‘Honeycrisp’ apple is susceptible to the postharvest chilling disorder soft scald that renders fruit unmarketable. Reducing or preventing this disorder is an important component of ‘Honeycrisp’ postharvest management. In commercial settings, advanced fruit maturity and orchard history contribute to an estimation of soft scald susceptibility, but additional at-harvest information indicative of soft scald risk would enable better management decisions. In this study, we obtained fruit from commercial orchards for 3 successive years, and assessed field growing degree days (GDD), field chilling hours (CH), and fruit quality metrics at harvest, followed by soft scald incidence assessment at 12 weeks of cold storage. The analyses indicated starch index, soluble solids content (SSC), internal ethylene concentration, titratable acidity (TA), peel background color, firmness, GDD, or CH do not reliably indicate fruit susceptibility to soft scald. However, SSC and TA were elevated in fruit that later developed soft scald, and a higher number of GDD also sometimes preceded soft scald, which is consistent with advanced fruit maturity that can enhance soft scald risk. Overall, results suggest that other tools may be required to accurately predict postharvest soft scald on a quality control laboratory scale. The statistical analyses applied to the present study would have utility for assessing other soft scald prediction tools or markers.
Rachel Leisso, Ines Hanrahan, and Jim Mattheis
James P. Mattheis, David R. Rudell, and Ines Hanrahan
‘Honeycrisp’ apples are susceptible to develop the physiological disorder bitter pit. This disorder typically develops during storage, but preharvest lesion can also develop. ‘Honeycrisp’ is also chilling sensitive, and fruit is typically held at 10–20 °C after harvest for up to 7 days to reduce development of chilling injury (CI) during subsequent cold storage. This temperature conditioning period followed by a lower storage temperature (2–4 °C) reduces CI risk but can exacerbate bitter pit development. Bitter pit development can be impacted in other apple cultivars by the use of controlled atmosphere (CA) storage and/or 1-methylcyclopropene (1-MCP). Studies were conducted to evaluate efficacy of CA and/or 1-MCP to manage ‘Honeycrisp’ bitter pit development. Apples from multiple lots, obtained at commercial harvest, were held at 10 °C for 7 days and then cooled to 3 °C. Half the fruit was exposed to 42 μmol·L−1 1-MCP the day of receipt while held at 10 °C. Fruit were stored in air or CA (3 kPa O2, 0.5 kPa CO2 for 2 days, then 1.5 kPa O2, 0.5 kPa CO2) established after 1 day at 10 °C or after 7 days at 10 °C plus 2 days at 3 °C. Fruit treated with 1-MCP and/or stored in CA developed less bitter pit compared with untreated fruit stored in air, and bitter pit incidence was lowest for 1-MCP-treated fruit with CA established during conditioning. Development of diffuse flesh browning (DFB) and cavities, reported to occur during ‘Honeycrisp’ CA storage, was observed in some lots. Incidence of these disorders was not enhanced by establishing CA 2 days compared with 9 days after harvest. 1-MCP and CA slowed peel color change, loss of soluble solids content (SSC) and titratable acidity (TA), and reduced ethylene production and respiration rate. The results indicate potential for the postharvest management of bitter pit development in ‘Honeycrisp’ apple through use of 1-MCP and/or CA storage.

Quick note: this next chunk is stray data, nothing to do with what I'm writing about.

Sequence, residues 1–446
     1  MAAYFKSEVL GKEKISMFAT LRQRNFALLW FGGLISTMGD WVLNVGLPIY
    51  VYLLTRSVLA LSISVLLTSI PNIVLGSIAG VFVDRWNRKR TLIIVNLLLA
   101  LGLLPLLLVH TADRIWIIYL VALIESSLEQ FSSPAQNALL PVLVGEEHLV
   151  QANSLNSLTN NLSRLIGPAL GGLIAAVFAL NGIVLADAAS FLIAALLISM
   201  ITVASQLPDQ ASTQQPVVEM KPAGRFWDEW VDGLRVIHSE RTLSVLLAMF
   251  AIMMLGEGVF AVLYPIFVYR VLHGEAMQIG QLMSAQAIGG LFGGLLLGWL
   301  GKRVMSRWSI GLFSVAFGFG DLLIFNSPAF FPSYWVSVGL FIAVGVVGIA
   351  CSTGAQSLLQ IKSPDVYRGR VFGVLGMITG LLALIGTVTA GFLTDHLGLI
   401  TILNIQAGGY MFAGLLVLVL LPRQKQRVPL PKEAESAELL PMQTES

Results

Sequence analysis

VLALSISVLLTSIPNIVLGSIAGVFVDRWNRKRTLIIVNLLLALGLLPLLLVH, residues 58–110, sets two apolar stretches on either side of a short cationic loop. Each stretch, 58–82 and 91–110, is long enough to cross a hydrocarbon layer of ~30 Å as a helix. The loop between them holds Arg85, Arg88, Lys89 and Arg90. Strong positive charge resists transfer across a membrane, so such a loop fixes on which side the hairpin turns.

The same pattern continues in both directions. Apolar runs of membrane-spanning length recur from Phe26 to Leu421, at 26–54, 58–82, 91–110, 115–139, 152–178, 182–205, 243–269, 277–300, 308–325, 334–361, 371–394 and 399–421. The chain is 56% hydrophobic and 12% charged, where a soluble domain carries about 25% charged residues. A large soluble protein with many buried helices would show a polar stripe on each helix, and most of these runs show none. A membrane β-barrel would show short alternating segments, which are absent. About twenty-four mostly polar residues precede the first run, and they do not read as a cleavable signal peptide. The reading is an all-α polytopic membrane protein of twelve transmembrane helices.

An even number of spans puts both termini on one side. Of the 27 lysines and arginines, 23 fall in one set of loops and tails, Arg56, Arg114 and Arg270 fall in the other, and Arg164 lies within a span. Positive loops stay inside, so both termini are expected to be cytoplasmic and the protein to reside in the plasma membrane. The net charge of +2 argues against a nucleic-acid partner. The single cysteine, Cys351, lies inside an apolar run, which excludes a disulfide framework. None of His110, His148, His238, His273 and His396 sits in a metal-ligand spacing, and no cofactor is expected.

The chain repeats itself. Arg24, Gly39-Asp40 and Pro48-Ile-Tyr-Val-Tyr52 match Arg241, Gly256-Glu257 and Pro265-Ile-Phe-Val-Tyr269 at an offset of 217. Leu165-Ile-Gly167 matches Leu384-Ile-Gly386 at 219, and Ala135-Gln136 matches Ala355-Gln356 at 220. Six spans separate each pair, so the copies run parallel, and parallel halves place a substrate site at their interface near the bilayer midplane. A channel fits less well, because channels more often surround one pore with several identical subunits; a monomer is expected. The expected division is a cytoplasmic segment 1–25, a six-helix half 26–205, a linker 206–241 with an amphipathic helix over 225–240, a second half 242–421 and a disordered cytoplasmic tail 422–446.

R. Karina Gallardo, Ines Hanrahan, Yeon A Hong, and James J. Luby
This study assessed the potential impacts on grower profits when the crop load management is not optimal. We used a hedonic pricing model to estimate the relationship between ‘Honeycrisp’ apple (Malus ×domestica) quantities and prices by size category. This information was used to assess potential changes in grower returns as the grower shifts production toward certain size fruit. A grower would realize a loss of $5332/acre if production of size 48 to 88 count per 40-lb box decreased by 5% and size 100 to 163 count/box increased by 5% compared with current ‘Honeycrisp’ size distribution. In addition, we used experimental auctions to estimate consumers’ willingness-to-pay (WTP) for ‘Honeycrisp’ quality characteristics. Apple consumers, in this study, were willing to pay an average of $0.12/lb more for a one-unit increase in soluble solids concentration. A $0.12/lb discount for a decrease in soluble solids content (SSC) would represent a $1362/acre loss. Optimal sizes and SSC estimated in this study are linked with crop loads no larger than seven fruit/cm2 trunk cross-sectional area under Washington state growing conditions. Given the increasing popularity of ‘Honeycrisp’, growers and allied industries should be aware of the importance of preserving the quality of this cultivar to maintain price premiums and thus profit margins.
Rachel S. Leisso, Ines Hanrahan, James P. Mattheis, and David R. Rudell
The physiology and metabolism characterizing postharvest chilling and CO2 injury in apple has important implications for postharvest management of soft scald and soggy breakdown. This research assessed differences of primary metabolism related to soggy breakdown (cortex CI) and CO2 cortex injury in ‘Honeycrisp’ apple fruit. Results indicate that prestorage temperature conditioning, diphenylamine (DPA), and CA treatments alter fruit metabolism and affect peel and cortex storage disorder outcome. A preliminary summary of primary metabolism involved with soggy breakdown under high CO2 includes increased activity in glycolysis/gluconeogenesis, propionate metabolism, and alanine, aspartate, and glutamate metabolism.